Coaching sales strategy

Coaching Sales Strategy

In the Sales Training Connection we’ve talked about the importance of several skills that top performing sales people need to incorporate in order to be more effective at selling strategically. 

Let’s move to the next step and look at four best practices for coaching sales strategy. 

Select the Right Account.  A classic trap for sales managers is spreading their coaching efforts too thinly.  If you want to improve your strategy coaching, a good place to begin is to select the right accounts on which to focus your efforts.  Several selection criteria may be considered, but one stands out – high revenue potential. 

Rarely do sales people have all accounts with equal potential for revenue growth. Together with the sales person, the sales manager should target for strategic coaching those accounts with the greatest potential for revenue growth.  How many accounts?  The best advice for maximizing your strategy coaching time is: do a really good job coaching a few, high-payoff accountsGiven the “too-thin trap”, it’s probably best to limit your coaching efforts to two or three key accounts per sales person.  

Establish the Expectation for Preparation.  There is no such thing as a generic winning strategy when selling in a complex market.  Capturing the business is not about selecting a strategy; it’s about formulating a strategy.  And formulating strategy requires having better information. For an effective and efficient strategy coaching session, sales managers should establish the expectation that sales people come to the session with the right information in hand.  At a minimum, the sales person should have information about the business situation in the account, the account’s business objectives, and details about the buying process and players – plus some initial thoughts about your solution.  

Focus on Strategy and Skills. When formulating a strategy for a complex account, it’s a mistake to coach strategy independent of skills.  Even the best strategy will fail unless what goes on in front of the customer is executed skillfully.  This means the last step in any strategy coaching session should be planning the first call in executing that strategy.  In some cases, it may be appropriate for the sales manager to go on the call to help the sales person sell.  Or, the call could serve as a coaching opportunity to further develop the skills required to carry out the strategy.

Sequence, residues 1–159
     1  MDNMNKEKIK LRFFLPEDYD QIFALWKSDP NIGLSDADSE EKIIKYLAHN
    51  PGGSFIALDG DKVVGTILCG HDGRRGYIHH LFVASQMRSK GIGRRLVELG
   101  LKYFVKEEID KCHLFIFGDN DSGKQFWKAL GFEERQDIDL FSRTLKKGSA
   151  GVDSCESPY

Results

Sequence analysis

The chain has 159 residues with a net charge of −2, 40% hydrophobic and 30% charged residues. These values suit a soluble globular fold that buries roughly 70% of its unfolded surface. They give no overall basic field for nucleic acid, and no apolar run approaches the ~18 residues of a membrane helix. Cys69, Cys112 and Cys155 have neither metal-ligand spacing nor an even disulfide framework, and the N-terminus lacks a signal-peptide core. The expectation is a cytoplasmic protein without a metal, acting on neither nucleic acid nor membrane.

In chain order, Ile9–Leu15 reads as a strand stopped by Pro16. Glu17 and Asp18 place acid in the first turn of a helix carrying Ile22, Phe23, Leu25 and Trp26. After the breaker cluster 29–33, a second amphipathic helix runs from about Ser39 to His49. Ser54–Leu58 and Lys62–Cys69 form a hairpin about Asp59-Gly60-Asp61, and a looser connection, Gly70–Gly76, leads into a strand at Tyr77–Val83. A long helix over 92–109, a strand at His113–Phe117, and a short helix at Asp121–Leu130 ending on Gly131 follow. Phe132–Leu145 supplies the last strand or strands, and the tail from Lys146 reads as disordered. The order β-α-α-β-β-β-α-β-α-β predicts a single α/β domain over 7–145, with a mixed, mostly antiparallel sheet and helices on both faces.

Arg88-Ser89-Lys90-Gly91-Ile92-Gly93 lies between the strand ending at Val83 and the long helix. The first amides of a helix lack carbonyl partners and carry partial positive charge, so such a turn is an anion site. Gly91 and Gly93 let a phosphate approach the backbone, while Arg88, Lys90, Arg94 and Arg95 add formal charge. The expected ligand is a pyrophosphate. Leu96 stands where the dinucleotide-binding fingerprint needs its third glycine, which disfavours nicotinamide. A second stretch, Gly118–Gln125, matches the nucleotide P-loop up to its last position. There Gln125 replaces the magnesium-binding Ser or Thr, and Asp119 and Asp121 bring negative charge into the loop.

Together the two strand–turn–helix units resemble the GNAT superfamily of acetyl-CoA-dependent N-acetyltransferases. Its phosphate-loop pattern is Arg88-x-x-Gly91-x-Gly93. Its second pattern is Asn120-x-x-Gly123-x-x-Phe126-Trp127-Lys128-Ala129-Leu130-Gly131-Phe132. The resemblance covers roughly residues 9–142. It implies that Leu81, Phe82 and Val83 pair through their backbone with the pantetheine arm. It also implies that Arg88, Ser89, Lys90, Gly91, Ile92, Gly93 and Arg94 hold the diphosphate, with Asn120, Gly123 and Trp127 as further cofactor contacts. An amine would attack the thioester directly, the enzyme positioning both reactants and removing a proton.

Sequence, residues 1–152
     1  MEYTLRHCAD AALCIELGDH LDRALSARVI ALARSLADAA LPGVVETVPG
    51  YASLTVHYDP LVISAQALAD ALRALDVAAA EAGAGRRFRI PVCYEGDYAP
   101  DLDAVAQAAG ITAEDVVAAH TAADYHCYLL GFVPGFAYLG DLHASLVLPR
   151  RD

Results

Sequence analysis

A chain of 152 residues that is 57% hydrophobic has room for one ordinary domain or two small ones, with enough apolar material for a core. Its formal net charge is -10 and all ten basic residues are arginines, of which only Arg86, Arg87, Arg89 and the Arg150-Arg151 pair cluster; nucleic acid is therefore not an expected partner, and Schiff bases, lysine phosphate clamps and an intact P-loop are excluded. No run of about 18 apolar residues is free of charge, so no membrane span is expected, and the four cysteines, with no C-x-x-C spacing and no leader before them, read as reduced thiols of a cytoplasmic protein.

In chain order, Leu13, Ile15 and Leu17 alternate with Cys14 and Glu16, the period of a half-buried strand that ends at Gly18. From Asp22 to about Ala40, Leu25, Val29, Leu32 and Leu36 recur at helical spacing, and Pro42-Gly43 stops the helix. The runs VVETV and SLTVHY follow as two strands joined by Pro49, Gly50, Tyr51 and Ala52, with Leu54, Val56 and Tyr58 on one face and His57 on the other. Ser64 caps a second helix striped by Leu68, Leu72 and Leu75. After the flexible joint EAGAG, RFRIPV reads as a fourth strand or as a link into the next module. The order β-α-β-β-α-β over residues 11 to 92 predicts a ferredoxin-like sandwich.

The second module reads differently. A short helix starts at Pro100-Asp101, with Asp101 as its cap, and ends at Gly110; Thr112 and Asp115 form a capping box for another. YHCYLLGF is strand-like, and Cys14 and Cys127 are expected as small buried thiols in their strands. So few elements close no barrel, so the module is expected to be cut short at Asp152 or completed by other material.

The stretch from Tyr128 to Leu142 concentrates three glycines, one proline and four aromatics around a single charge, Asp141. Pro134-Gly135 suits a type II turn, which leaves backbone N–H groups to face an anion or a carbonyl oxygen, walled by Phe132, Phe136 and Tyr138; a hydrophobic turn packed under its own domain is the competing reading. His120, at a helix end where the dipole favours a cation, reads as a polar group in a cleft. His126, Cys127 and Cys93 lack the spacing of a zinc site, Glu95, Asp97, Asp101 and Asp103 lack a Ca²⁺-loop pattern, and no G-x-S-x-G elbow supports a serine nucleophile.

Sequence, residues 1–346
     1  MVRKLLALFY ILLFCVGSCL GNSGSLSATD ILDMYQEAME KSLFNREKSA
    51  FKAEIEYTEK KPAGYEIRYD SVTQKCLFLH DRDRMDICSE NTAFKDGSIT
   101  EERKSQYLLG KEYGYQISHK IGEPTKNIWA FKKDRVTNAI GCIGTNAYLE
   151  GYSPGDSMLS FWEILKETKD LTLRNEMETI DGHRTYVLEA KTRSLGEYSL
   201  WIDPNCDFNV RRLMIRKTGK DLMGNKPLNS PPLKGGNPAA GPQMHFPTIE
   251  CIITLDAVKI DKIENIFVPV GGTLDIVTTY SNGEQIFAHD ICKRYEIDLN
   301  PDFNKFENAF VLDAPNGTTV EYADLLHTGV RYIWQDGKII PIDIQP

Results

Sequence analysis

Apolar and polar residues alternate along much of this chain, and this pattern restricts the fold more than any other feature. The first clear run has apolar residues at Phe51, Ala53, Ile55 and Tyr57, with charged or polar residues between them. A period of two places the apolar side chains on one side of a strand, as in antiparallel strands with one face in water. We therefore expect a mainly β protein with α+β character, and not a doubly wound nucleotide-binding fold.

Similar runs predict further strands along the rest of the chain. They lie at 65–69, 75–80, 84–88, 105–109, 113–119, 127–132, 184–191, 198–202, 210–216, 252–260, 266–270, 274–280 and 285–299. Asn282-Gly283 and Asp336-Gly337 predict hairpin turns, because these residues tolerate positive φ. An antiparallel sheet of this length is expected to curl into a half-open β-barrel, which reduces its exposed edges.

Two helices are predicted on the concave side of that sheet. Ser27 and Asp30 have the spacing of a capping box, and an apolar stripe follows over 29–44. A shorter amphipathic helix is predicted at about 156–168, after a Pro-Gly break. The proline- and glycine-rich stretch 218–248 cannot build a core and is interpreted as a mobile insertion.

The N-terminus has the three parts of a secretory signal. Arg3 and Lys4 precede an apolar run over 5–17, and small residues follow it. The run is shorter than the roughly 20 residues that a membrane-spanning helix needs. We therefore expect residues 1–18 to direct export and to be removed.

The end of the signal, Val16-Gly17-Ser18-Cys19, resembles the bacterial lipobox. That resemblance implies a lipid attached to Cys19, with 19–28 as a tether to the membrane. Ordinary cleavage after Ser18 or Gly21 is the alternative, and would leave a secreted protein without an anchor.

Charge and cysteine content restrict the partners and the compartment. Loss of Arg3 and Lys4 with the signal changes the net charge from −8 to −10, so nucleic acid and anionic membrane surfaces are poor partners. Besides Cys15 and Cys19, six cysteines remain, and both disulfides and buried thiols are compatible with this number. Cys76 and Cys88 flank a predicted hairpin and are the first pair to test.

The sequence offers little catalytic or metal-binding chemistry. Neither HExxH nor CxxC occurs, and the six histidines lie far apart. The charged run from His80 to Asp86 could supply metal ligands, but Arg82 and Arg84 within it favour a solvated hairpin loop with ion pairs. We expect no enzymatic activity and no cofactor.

Leverage Time.  The greatest barrier to coaching is lack of time. By selecting the right accounts and establishing expectations about preparation, you can improve the efficiency of the coaching effort.  Another way to leverage time is to consider alternatives to one-on-one sessions.  While skill coaching is usually done individually because of the observation and feedback elements, strategy coaching often lends itself to small groups. Often, the types of accounts and the dilemmas faced will be common to many members of the sales team. In this case, it’s feasible – even advantageous – to involve two or three members of the team in a strategy session, because everyone will benefit from discussions of all the targeted accounts.   

There is little doubt that the best sales people sell strategically.  And, the best coaches are really good at helping them learn how to do it.  The key to effective sales strategy coaching is for sales managers to think about both what to coach and how to coach it.     

Check out other posts on sales effectiveness at the Sales Training Connection. 

©2011 Sales Horizons™ LLC

About Richard Ruff

For more than 30 years Dr. Richard Ruff and Dr. Janet Spirer - the founders of Sales Horizons - have worked with the Fortune 1000 - such as UPS, Canon USA, Smith & Nephew, Boston Scientific, Owens & Minor, Textron - to design and develop sales training programs. During his career Dick has authored numerous articles related to sales effectiveness and co-authored "Managing Major Sales", a book about sales management, "Parlez-Vous Business" which helps sales people integrate the language of business into the sales process, and "Getting Partnering Right" – a research based work on the best practices for forming strategic selling alliances. Dr. Ruff received his Ph.D. in Organizational Psychology from the University of Tennessee and a B.S. from Rennsselaer Polytechnic Institute.
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  1. Pingback: Three self-imposed pitfalls facing new sales managers | Sales Training Connection

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